Senate, yesterday, gave the revenue generating agencies of the Federal Government a one-week ultimatum to submit details of their 2018 budget proposals for consideration or face severe sanctions from the chamber.
The ultimatum followed a point of order raised by the Senate Leader, Ahmad Lawan, in which he drew the attention of the Senate to the fact that out of 64 agencies, only the Nigeria Communications Commission (NCC) had complied by submitting its fiscal estimates to the chamber as required.
His words: “Mr. President submitted the national budget as well as the summary of the budgets of the agencies and, by so doing, he has completed his work. What is required of the agencies is for them to present the details of their budgets to the National Assembly for consideration.
“My office has been working closely with the Office of the Special Assistant to President Muhammadu Buhari on National Assembly Matters, Senator Ita Enang and we have insisted that the details of the budget must be presented to the Senate.
“This is necessary so that it would be considered alongside the 2018 budget and be passed as quickly as it can and together. I want this Senate to recognise that only the NCC presented and submitted what is required.
“I want this Senate to give an ultimatum of one week to all the agencies to submit the details of their budget to our committees to consider for appropriation.”
Responding to Lawan’s submission, President of the Senate, Dr. Bukola Saraki, accused the MDAs of disregarding due process by failing to submit details of their budget proposals to the parliament for approval.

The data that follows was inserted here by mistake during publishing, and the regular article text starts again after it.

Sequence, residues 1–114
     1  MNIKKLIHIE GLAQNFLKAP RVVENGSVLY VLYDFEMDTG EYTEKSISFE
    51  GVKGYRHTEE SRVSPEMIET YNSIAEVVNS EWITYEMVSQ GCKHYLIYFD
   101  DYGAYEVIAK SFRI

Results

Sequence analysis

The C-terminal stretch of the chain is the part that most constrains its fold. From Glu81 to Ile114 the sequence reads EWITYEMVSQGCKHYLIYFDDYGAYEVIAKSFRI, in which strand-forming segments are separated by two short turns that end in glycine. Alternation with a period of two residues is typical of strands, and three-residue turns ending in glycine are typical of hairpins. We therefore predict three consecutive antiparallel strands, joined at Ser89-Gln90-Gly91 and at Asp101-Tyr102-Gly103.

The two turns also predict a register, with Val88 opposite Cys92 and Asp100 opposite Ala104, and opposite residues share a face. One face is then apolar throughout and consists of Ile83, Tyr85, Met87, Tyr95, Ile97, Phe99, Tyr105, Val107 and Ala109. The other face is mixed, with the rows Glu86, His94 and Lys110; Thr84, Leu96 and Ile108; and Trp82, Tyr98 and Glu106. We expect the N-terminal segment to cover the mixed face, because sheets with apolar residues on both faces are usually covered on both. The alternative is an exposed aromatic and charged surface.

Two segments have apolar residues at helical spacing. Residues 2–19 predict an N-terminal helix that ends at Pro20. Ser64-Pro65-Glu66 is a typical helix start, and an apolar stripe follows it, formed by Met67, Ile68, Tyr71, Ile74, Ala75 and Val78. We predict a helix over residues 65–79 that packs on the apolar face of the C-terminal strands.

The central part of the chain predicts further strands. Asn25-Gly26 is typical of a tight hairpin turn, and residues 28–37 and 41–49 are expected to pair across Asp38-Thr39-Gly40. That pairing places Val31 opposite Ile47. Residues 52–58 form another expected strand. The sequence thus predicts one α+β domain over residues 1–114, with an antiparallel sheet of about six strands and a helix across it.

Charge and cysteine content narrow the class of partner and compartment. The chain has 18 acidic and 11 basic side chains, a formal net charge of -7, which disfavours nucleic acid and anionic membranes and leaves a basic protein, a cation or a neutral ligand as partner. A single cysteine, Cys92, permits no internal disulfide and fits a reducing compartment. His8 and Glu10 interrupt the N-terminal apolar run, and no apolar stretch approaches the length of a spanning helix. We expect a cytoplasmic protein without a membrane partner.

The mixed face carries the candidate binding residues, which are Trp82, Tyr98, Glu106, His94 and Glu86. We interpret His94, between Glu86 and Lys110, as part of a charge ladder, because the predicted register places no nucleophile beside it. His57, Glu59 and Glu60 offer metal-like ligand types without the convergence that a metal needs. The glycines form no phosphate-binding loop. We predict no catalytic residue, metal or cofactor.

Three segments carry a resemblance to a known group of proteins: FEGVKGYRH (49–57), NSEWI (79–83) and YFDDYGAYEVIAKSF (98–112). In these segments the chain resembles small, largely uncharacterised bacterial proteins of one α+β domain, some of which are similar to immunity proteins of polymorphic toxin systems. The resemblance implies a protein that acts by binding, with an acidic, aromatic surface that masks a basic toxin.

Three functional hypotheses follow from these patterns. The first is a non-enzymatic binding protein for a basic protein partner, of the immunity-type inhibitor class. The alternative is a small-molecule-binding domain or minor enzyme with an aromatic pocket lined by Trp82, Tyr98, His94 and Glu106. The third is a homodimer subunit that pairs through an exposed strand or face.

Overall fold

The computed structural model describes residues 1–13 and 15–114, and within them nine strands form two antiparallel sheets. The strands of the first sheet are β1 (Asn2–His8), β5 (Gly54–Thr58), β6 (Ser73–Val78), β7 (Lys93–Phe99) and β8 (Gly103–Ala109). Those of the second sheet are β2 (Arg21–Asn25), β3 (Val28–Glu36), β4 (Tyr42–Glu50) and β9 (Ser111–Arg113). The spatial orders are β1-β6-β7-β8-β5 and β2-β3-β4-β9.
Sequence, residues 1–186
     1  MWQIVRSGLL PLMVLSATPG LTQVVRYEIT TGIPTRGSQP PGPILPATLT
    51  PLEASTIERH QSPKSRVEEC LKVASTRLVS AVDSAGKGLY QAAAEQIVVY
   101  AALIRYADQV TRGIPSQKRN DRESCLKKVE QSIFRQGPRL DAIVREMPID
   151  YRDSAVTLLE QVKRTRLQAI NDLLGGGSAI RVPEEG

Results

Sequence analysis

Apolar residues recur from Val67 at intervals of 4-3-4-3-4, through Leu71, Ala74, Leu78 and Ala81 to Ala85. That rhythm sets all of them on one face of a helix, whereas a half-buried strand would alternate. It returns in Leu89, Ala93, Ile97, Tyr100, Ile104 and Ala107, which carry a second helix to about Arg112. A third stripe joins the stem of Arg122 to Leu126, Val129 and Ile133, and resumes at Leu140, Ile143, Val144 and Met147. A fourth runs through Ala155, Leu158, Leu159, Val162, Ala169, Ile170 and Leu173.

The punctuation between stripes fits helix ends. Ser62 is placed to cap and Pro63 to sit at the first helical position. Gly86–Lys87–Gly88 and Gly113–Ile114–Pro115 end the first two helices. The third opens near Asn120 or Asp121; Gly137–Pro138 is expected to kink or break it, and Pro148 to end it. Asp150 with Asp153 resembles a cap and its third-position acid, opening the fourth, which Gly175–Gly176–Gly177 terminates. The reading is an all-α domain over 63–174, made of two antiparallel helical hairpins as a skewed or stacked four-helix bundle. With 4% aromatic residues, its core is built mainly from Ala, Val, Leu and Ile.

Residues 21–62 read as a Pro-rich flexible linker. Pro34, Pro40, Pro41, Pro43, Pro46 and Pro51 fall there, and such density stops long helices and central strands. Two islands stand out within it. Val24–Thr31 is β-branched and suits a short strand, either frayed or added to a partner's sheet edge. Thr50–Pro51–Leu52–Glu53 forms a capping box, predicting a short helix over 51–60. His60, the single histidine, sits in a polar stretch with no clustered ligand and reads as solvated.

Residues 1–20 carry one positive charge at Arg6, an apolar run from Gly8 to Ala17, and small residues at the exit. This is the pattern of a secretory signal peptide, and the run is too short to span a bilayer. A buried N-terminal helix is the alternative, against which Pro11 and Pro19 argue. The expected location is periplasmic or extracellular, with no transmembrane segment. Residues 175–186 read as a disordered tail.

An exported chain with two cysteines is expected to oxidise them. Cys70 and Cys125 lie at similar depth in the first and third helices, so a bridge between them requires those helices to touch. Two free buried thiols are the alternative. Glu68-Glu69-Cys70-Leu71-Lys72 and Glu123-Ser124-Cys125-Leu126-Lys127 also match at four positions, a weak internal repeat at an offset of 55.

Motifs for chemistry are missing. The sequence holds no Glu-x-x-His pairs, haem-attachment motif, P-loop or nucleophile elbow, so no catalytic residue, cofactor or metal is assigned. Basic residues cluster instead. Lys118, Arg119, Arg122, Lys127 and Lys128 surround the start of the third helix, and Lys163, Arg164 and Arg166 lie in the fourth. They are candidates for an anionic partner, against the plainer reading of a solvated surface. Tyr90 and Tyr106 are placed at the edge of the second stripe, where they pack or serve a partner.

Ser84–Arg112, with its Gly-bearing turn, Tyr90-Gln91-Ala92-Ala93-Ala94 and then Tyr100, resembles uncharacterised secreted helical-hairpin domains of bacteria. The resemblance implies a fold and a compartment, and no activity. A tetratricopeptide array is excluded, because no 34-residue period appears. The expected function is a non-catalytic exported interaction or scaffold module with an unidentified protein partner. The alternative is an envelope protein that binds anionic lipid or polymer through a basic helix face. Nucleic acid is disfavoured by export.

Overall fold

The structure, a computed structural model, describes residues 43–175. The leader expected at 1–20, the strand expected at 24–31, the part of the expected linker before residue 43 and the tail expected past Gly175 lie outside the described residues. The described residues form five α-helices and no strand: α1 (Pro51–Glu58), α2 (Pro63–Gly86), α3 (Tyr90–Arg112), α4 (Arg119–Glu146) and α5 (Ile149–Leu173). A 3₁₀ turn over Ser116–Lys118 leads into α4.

He lamented that the agencies were taking the leniency of the Senate for granted or weakness, threatening that the Chamber might be compelled to invoke its constitutional powers; including asking the Ministry of Finance to stop further releases to the defaulting government establishments.
“This has been a matter we have been talking about for a very long time and these agencies continue to have total disregard for due process. I think it is very clear that the mandate we give to them is one week.
“Our cooperation should not be misread as weakness or not knowing what to do. Definitely, we can mandate the Ministry of Finance to ensure that they do not further order releases because they are breaking the law,” the senate President said.
Saraki cautioned that after the one-week deadline, the Red Chamber would be left with no other option than to punish the MDAs through withholding of funds.
“If after the one week and they don’t, then we will take necessary actions to show that they need to comply with the law,” Saraki said.
Reps move to amend revenue sharing formula
The House of Representatives, yesterday, initiated a legal framework for restructuring distributable revenue to the three arms of government.
The resolution came following passage through second reading of a bill for an act to amend allocation of revenue (Federation Account etc), Act Cap., A15 Laws of the Federation of Nigeria, 2004 to establish the excess revenue fund account and for other related matters (HB. 1277).
The bill was sponsored by Hon, Lovette Idisi (PDP, Delta). It came on the heels of criticism over the legality of the proposed withdrawal of $1 billion from Excess Crude Account (ECA), for the procurement of arms to fight Boko Haram. Leading debate on the bill, Idisi noted that the “allocation of revenue Act was established in 1982 to prescribe the basis for distribution of revenue accruing to the Federation Account between the Federal and state governments and Local Government councils in the states; the formula for distribution amongst the states; the proportion of the total revenue of each state to be contributed to the state joint Local Government Account.”
Bed sharing raises risk of baby deaths
Scientists have raised the alarm over the number of babies dying of suffocation, occasioned by an increase in the number of parents sharing beds with their infants.